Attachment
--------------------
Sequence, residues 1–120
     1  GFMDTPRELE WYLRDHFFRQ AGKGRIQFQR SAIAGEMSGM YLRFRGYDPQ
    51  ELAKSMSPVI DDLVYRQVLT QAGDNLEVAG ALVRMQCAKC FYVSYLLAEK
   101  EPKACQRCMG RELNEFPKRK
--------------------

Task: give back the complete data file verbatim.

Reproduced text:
Sequence, residues 1–120
     1  GFMDTPRELE WYLRDHFFRQ AGKGRIQFQR SAIAGEMSGM YLRFRGYDPQ
    51  ELAKSMSPVI DDLVYRQVLT QAGDNLEVAG ALVRMQCAKC FYVSYLLAEK
   101  EPKACQRCMG RELNEFPKRK